● Lungs:

The reduced lung function results in difficulty in breathing during exercise. High blood pressure in the arteries of the lungs is also a complication related to scleroderma.

● Kidneys:

The reduced kidney function leads to a rise in blood pressure and an increased protein level in your urine.

● Heart:

Abnormal heartbeats, congestive heart failure, and pressure on the right side of the heart are some of the cardiac complications of scleroderma.

● Teeth:

Smaller and narrower mouth, difficulty in brushing teeth, or to even have them professionally cleaned, abnormal production of saliva, and dental decay are some of the complications associated with scleroderma.

● Digestive system:

Scleroderma-related digestive problems can cause heartburn and difficulty swallowing. Often it may cause cramps, bloating, constipation, or diarrhea.

● Sexual function:

Erectile dysfunction in males and decreased sexual lubrication and constriction of the vaginal opening in the females are some complications.

How is scleroderma diagnosed?

It can be challenging to diagnose scleroderma. An inquiry about your health history and a physical examination is the first step a physician may carry to diagnose scleroderma. They might order tests including:

● Imaging tests such as X-rays and CT scans

● Blood tests

● Gastrointestinal tests

● Lung function tests

● Heart tests such as EKGs and echocardiograms

They might also take a small sample of skin (called a biopsy) for a specialist to look at under a microscope.

What are some medications to treat Scleroderma?

There is no cure for scleroderma. Drugs and therapies can control Scleroderma and make your life better. Your physician may suggest steroidal creams or pills to scale back the joint inflammation and pain, antihypertensive medications, medication to dilate blood vessels, immunosuppressants, Heartburn medication, Medications to help move food through your intestines, antibiotics and regular influenza or pneumonia vaccinations.

Pain management can be done with the help of your physical or occupational therapists. Therapy will improve strength and help to carry out daily tasks independently. Light and laser therapy may be used on the skin. Amputations and lung and other organ transplants are surgical methods that are considered as last resorts for treating scleroderma.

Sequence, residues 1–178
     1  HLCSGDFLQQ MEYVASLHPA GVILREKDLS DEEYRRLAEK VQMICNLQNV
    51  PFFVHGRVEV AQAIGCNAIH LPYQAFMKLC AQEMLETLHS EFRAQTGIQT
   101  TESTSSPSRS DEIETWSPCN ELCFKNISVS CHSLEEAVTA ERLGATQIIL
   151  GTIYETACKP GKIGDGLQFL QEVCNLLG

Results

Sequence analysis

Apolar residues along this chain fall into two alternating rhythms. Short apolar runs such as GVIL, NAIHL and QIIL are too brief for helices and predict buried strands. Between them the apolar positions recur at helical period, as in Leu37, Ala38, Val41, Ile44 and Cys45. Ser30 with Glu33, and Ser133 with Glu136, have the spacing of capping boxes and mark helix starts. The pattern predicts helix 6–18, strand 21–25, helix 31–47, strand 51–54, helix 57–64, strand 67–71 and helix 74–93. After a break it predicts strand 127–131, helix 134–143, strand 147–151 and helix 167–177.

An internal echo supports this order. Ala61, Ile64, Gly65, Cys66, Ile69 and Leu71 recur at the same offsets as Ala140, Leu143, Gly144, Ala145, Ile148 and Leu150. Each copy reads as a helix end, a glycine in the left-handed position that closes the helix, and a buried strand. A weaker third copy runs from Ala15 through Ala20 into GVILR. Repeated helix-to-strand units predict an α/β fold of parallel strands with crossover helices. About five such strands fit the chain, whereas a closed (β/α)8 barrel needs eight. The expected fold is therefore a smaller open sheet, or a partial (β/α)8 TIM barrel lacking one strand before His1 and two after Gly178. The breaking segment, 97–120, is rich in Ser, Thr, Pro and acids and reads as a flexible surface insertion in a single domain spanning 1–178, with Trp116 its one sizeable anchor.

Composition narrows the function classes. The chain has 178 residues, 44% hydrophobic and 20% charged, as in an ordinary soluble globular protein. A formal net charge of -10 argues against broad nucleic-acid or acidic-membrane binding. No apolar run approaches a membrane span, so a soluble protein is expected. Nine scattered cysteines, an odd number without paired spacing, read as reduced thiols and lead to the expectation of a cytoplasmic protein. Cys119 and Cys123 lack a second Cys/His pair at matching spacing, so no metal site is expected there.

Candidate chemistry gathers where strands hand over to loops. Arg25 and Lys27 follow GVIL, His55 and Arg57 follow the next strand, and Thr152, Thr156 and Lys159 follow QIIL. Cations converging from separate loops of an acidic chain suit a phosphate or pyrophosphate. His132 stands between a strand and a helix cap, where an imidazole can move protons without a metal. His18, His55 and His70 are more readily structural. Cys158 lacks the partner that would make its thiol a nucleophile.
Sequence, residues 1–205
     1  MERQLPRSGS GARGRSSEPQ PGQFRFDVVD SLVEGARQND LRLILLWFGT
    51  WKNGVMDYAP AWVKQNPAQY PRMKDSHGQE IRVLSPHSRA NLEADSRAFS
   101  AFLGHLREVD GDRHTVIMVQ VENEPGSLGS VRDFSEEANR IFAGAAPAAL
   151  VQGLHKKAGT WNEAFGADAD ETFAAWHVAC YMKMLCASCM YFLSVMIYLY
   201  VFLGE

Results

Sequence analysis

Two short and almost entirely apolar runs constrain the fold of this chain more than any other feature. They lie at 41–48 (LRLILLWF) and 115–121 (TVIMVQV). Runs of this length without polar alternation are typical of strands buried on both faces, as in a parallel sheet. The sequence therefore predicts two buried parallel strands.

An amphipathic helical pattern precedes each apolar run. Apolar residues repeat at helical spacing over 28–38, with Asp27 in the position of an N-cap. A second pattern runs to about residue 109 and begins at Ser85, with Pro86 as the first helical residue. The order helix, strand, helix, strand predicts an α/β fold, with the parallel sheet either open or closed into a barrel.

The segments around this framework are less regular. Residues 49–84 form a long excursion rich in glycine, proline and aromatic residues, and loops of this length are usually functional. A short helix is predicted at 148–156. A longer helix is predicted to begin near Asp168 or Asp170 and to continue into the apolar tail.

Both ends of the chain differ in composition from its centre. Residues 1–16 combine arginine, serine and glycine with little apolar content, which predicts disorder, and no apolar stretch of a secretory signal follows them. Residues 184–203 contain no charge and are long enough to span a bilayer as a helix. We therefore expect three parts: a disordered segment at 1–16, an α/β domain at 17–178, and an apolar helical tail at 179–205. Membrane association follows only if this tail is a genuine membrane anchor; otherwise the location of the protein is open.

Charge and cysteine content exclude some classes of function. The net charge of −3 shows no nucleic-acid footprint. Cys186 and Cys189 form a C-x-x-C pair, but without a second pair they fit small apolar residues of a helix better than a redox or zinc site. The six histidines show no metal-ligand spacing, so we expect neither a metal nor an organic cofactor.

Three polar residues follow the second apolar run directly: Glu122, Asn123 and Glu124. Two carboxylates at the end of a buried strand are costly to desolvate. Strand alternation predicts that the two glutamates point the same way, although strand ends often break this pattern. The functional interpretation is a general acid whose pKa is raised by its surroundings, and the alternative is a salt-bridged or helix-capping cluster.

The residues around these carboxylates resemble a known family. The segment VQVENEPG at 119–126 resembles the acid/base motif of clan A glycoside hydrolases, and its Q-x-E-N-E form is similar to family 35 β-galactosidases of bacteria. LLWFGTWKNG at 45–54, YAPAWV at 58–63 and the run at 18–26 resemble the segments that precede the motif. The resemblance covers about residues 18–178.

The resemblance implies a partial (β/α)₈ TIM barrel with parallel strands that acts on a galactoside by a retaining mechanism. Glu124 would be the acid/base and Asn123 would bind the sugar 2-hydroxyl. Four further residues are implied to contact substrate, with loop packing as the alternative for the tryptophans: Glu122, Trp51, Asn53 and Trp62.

Patients are requested not to take medicines without consulting a registered physician. Please visit your nearest Apollo Hospital to get the correct diagnosis and treatment of Scleroderma.

Request an appointment at Apollo Hospitals
Call 1860-500-1066 to book an appointment.

● You should avoid alcohol, caffeine, and free sugar like sweet carbonated drinks, and ice-creams from your diet.

● If you have or experience gastroesophageal reflux disorder, then please avoid citrus fruits, tomatoes, spicy and oily food from your diet.

Frequently Asked Questions (FAQs)

● Can Scleroderma go away?

There is no cure for Scleroderma at present. There have been cases where the skin complications associated with Scleroderma disappear on their own in two to five years. Generally, Scleroderma that attacks internal organs usually deteriorates with time.

● What is the life expectancy of a person with Scleroderma?

Many people do have a good prognosis for Scleroderma. They live a full productive life. However, some people who have Scleroderma in the heart, lungs, or kidney die because of organ dysfunction.

● Can you live everyday life with Scleroderma?

Yes, you can lead a near-normal life with Scleroderma. You have to be careful to avoid the cold. People who are more severely affected (e.g., those with Scleroderma affecting the lungs, or hand function limitations) are often restricted in what they can do.

● What tests confirm Scleroderma?

A routine complete blood count test is not sufficient to diagnose scleroderma. Many additional tests may be carried out depending on the clinical situation. A pulmonary function test may be done to measure the working condition of the lungs. CT chest scan may assess the extent to which the lung is involved. The physician might take an X-ray or take a small sample of the skin for laboratory testing.